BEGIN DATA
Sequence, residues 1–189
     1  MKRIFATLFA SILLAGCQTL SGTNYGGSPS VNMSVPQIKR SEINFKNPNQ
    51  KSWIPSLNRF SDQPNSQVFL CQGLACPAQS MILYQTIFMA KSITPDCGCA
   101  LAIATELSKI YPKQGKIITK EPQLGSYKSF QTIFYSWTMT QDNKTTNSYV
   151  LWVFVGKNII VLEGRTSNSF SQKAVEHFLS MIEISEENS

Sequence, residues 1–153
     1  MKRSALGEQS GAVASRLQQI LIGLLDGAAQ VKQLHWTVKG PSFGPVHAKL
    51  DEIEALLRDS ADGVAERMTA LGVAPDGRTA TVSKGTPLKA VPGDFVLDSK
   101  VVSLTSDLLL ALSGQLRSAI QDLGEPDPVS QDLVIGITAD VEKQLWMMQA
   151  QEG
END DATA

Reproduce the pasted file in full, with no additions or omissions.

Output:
Sequence, residues 1–189
     1  MKRIFATLFA SILLAGCQTL SGTNYGGSPS VNMSVPQIKR SEINFKNPNQ
    51  KSWIPSLNRF SDQPNSQVFL CQGLACPAQS MILYQTIFMA KSITPDCGCA
   101  LAIATELSKI YPKQGKIITK EPQLGSYKSF QTIFYSWTMT QDNKTTNSYV
   151  LWVFVGKNII VLEGRTSNSF SQKAVEHFLS MIEISEENS

Sequence, residues 1–153
     1  MKRSALGEQS GAVASRLQQI LIGLLDGAAQ VKQLHWTVKG PSFGPVHAKL
    51  DEIEALLRDS ADGVAERMTA LGVAPDGRTA TVSKGTPLKA VPGDFVLDSK
   101  VVSLTSDLLL ALSGQLRSAI QDLGEPDPVS QDLVIGITAD VEKQLWMMQA
   151  QEG